From Canada's internationally acclaimed "Generation X laureate" (The New York Times) come four unforgettable stories told with icy clarity and great heart. This is a world in which fast food, banged-up cars and the grunge of modern adolescence barely camouflage the dark extremes of sex, fear and desire -- and the longing for love.
Monkey Beach combines both joy and tragedy in a harrowing yet restrained story of grief and survival, and of a family on the edge of heartbreak. In the first English-language novel to be published by a Haisla writer, Eden Robinson offers a rich celebration of life in the Native settlement of Kitamaat, on the coast of British Columbia.
The story grips the reader from the beginning. It is the morning after the narrator's brother has gone missing at sea; the mood is tense in the family house, as speculations remain unspoken. Jimmy is a prospective Olympic swimmer, seventeen years old and on the edge of proposing to his beautiful girlfriend Karaoke. As his elder sister, Lisa, faces possible disaster, she chain-smokes and drifts into thoughts of their lives so far. She recalls the time when she and Jimmy saw the sasquatch, or b'gwus - and this sighting introduces the novel's fascinating undercurrent of characters from the spirit world. These ghostly presences may strike the reader as mysterious or frightening, but they provide Lisa with guidance through a difficult coming of age.
In and out of the emergency room as a child, Lisa is a fighter. Her smart mouth and temper constantly threaten to land her in serious trouble. Those who have the most influence on her are her stubbornly traditional, machete-wielding grandmother, and her wild, passionate, political Uncle Mick, who teaches her to make moose calls. When they empty fishing nets together, she pretends she doesn't feel the jellyfish stinging her young hands - she's Uncle Mick's "little warrior."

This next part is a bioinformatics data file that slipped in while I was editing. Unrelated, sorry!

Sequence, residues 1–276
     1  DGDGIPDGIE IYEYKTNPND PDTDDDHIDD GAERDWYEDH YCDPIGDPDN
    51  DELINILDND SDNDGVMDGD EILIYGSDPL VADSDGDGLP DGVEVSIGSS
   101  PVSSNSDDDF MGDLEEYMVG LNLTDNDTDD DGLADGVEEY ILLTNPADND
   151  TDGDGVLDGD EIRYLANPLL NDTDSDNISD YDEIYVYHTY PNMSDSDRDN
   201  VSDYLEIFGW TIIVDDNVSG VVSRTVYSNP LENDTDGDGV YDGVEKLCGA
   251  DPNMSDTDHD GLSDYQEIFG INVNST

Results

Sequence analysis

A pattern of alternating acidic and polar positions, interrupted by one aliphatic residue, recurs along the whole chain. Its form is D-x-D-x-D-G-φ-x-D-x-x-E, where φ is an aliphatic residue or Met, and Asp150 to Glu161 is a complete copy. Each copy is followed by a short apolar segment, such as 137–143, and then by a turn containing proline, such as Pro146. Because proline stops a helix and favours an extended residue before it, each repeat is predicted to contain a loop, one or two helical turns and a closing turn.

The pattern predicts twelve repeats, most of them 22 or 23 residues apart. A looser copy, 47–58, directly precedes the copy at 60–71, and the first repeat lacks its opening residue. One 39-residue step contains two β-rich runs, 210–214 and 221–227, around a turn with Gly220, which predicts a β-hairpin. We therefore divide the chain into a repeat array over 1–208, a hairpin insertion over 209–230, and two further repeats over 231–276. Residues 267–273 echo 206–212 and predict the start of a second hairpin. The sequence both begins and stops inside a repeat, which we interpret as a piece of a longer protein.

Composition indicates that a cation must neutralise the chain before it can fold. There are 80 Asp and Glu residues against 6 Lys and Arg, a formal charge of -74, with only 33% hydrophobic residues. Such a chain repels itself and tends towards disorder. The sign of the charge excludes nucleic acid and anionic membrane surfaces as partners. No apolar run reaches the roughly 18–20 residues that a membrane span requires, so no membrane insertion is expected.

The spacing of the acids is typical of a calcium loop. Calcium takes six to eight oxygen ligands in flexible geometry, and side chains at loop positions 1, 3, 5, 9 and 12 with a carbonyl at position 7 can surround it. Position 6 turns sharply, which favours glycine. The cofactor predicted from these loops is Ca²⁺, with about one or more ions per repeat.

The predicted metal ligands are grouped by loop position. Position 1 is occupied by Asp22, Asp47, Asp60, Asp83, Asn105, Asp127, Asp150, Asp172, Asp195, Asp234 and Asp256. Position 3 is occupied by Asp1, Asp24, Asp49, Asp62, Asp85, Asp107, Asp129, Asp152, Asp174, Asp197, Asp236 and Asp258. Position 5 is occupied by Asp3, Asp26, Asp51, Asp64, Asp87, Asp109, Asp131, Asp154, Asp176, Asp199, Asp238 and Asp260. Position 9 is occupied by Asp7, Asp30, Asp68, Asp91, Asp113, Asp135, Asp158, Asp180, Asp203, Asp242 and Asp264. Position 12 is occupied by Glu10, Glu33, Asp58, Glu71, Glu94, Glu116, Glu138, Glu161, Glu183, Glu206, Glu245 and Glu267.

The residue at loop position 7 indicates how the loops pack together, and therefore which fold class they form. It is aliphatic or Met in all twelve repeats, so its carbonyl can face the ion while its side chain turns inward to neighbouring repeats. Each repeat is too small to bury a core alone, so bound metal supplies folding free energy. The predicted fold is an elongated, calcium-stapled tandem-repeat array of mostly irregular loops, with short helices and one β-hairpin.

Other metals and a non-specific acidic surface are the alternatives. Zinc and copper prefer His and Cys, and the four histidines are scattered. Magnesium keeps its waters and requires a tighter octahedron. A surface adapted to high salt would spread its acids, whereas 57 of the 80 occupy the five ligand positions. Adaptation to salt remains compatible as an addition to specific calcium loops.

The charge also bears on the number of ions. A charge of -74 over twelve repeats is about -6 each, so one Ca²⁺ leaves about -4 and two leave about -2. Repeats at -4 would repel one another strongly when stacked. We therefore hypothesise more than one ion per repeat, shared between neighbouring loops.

We watch Lisa leave her teenage years behind as she waits for news of her younger brother. She reflects on the many rich episodes of their lives - so many of which take place around the water, reminding us of the news she fears, and revealing the menacing power of nature. But Lisa has a special recourse - a "gift" that enables her to see and hear spirits, and ask for their help.
Monkey Beach, Eden Robinson's first novel, was nominated for Canada's two largest literary prizes: the Giller Prize and the Governor General's Literary Award. The book was also published in Great Britain, the United States and Germany, and was a Canadian bestseller for many weeks. Monkey Beach is beautifully written, in prose that is simple and subtle, bold and vivid, and pervaded by humour.
Robinson fills her novel with details of Haisla culture and the rich wildlife surrounding Kitamaat. She uses traditional elements of storytelling - such as dreams, and people's ties to nature - but also demystifies Native beliefs, simultaneously peeling away and intensifying the mystery surrounding spirits. Ancient rituals are shown as part of the reality of a modern Native community, along with Kraft Dinner and TV soaps and the legacy of residential schools. Robinson's previous book of stories, Traplines, was remarked upon for being brutally honest, featuring rapists and drunks and drug dealers, psychopaths and sadists - proving to The New York Times that "Canadians are as weird and violent as anyone else." Monkey Beach is just as honest, but only hints at the darker elements. In the words of the author, "None of the characters are bad. They're just reacting like anyone else to situations of loss and death."
From the Trade Paperback edition.
This eagerly anticipated new novel is Eden Robinsonyes'>#8217;s most satisfying, disturbing, and addictive to date.
A new novel from one of our best young writers, Blood Sports is the tough, gritty story of the brutal catandmouse relationship between two cousins yes'>#8212; Tom and Jeremy Bauer yes'>#8212; set in Vancouveryes'>#8217;s Downtown East Side.
Tom, a young man, hardly innocent, has been caught up over the years in Jeremyyes'>#8217;s world of drugs, extortion, and prostitutes, while Jeremy, vindictive, vicious, either protects Tom or uses him, but always controls him. Added to the mix is Paulie, a junkie two years clean and Tomyes'>#8217;s girlfriend, and also the mother of his daughter. This lethal triangle shifts when word gets out Tom has been talking to the police, and men from the past who have a lot to lose reappear. Suddenly Tom and Paulie are pawns in a much larger game, with everything at stake.
With the storytelling skill and engrossing characterizations that have made her previous books so popular, Robinson keeps the tension humming in this riveting novel. This is Eden Robinson at the height of her powers.
yes'>#8220;I was born on the same day as Edgar Allan Poe and Dolly Parton. I am absolutely certain that this affects my writing in some way.yes'>#8221;
From the Hardcover edition.